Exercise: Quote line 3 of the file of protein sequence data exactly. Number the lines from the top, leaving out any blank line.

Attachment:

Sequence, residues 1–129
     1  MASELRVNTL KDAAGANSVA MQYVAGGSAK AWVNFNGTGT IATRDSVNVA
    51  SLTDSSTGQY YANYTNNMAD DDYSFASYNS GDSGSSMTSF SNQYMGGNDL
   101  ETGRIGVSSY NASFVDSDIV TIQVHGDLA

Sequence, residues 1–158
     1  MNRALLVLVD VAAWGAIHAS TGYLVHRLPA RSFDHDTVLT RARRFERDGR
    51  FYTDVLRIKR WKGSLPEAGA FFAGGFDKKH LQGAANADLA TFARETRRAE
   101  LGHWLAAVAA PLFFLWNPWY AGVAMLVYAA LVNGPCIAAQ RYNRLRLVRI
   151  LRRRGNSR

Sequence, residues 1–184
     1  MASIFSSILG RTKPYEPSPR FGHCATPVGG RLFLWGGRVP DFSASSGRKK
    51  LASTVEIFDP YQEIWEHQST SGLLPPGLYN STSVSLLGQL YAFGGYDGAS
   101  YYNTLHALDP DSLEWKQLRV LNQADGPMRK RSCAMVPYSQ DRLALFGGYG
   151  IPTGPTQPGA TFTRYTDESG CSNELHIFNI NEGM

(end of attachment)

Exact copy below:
    51  SLTDSSTGQY YANYTNNMAD DDYSFASYNS GDSGSSMTSF SNQYMGGNDL